- By car: I wasn’t so much impressed by the sites in the north of the island even if I loved driving on its quiet roads with the ocean on one side and the mountains on the other side. Since my favourite spot of my mini road trip, Kabira Bay is accessible by 5 buses every day; I didn’t find it so worth the time and money to rent a car in the end, except if you are on an extended stay like me and want to explore everything. Besides, you want to make sure you have the appropriate international driving licence, in my case, as a French citizen, I had to do an official translation at the Automotive Federation (JAF) in Tokyo for 3000 ¥. I rented a car at Kumanomi Rentacar for 10,500¥ (about £72 / 83€) for 3 days and paid about 3000¥ (about £21 / 24€) for fuel.
Where to stay in Ishigaki?
During my 3 weeks in Ishigaki, I stayed at 3 locations that were comfortable and budget-friendly. I spent most of my time in Ishigaki city as it was the only place in low season where all shops and restaurants were all open.
- Blue Cabin: The best value for money considering the location, right next to the ferry terminal. More like a capsule hotel than a hostel, it is modern and spotless. Men have access to a sento (public bath), and ladies have access to two private jacuzzi rooms. Although the cabin has all the space to the ceiling contrary to a capsule hotel, the lack of space especially for my luggage and the lack of a proper guest lounge with access to a kitchen was the reason I started to look for another place to stay. But if you stay only a couple of days, it will be good enough, and you will be close to all the best izakayas in town. Bonus, they have a scuba diving gear drying space.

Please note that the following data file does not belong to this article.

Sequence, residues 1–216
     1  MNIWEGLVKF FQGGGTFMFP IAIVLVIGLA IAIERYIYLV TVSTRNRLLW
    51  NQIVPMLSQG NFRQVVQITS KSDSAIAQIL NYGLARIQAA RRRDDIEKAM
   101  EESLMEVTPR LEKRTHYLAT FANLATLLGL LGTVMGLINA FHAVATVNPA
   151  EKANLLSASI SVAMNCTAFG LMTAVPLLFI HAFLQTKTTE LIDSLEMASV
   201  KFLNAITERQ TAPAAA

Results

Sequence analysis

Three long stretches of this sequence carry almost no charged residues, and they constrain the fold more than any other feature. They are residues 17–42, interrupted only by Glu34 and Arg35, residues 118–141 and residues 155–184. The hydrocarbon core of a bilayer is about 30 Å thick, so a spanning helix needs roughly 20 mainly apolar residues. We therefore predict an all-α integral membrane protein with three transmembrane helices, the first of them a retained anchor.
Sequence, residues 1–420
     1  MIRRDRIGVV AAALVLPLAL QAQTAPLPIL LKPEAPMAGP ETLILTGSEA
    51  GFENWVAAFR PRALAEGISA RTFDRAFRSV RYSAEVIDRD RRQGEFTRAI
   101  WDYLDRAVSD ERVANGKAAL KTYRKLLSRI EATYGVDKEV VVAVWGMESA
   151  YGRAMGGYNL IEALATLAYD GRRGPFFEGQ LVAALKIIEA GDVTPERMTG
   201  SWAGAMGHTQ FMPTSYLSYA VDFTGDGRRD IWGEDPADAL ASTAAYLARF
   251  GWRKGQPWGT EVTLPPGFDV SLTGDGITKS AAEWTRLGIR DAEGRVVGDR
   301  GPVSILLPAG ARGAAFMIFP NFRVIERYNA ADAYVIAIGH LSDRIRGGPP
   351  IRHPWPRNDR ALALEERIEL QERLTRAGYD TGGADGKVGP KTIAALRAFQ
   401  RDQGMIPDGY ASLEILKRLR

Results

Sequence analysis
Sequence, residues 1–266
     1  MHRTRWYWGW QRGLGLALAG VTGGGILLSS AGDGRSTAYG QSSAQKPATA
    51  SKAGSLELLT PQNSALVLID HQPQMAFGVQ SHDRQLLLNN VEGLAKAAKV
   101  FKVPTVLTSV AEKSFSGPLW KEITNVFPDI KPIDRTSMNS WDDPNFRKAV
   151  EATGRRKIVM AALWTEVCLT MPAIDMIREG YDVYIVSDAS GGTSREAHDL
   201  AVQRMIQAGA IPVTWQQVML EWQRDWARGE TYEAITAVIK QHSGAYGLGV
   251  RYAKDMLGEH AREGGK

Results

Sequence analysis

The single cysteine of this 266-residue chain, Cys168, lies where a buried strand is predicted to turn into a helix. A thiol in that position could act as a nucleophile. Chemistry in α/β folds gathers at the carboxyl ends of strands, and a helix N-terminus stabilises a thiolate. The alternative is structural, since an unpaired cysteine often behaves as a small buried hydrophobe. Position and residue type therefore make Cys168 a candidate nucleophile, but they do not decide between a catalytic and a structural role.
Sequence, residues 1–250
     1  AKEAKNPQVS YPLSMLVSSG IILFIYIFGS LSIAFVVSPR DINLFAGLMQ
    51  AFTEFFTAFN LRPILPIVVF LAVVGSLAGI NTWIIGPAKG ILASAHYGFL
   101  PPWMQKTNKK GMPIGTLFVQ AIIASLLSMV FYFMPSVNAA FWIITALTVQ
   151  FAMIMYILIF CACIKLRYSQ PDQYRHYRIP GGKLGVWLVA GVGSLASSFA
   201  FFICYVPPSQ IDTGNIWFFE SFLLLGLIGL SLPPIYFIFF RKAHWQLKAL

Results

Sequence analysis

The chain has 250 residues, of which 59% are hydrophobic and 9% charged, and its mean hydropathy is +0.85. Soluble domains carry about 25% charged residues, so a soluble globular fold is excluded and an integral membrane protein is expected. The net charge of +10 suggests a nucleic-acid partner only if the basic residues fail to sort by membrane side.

- Chura Cucule Hostel: This design and cosy hostel is a bit further away, about 10 minutes walking from the town centre. This is where I moved after Blue Cabin. What looked like a disadvantage was, in the end, a benefit. I was further from the souvenir shops and closer to lots of local shops. I made good use of their fully equipped kitchen thanks to the proximity of the JA Farmer’s market and enjoyed way more space in my single room for slightly cheaper than at Blue Cabin. Without a doubt, Chura Cucule is one of the best hostels I have stayed at in Japan.
- Sora Yado Guesthouse: My address in Kabira. They offer western twin rooms and Japanese tatami rooms in a lovely 1 story house with a view of the swimming pool of the neighbour dive centre. It is conveniently located halfway between Kabira Bay and Sukuji Beach. I stayed 3 nights as a base during my mini road trip around Ishigaki Island. Note they offer free parking, which is not the case when you stay in Ishigaki City. I also advise you to go grocery shopping before leaving Ishigaki City.
If you are looking for something more luxurious, I recommend Fusaki Beach or Maesato Beach where the splendid ANA Intercontinental Resort is located. These places are outside of the town centre but at the same time close enough for when you want to go out.
Do you need more information to plan your dive trip to Okinawa? Check these additional articles about scuba diving in Okinawa:
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This article was written in partnership with the tourism and convention bureau of Okinawa. As always, all my views and opinions are my own and reflect my experience honestly. Photo credits: Sachi of Prime Scuba took some of the manta rays and macro pictures in this article.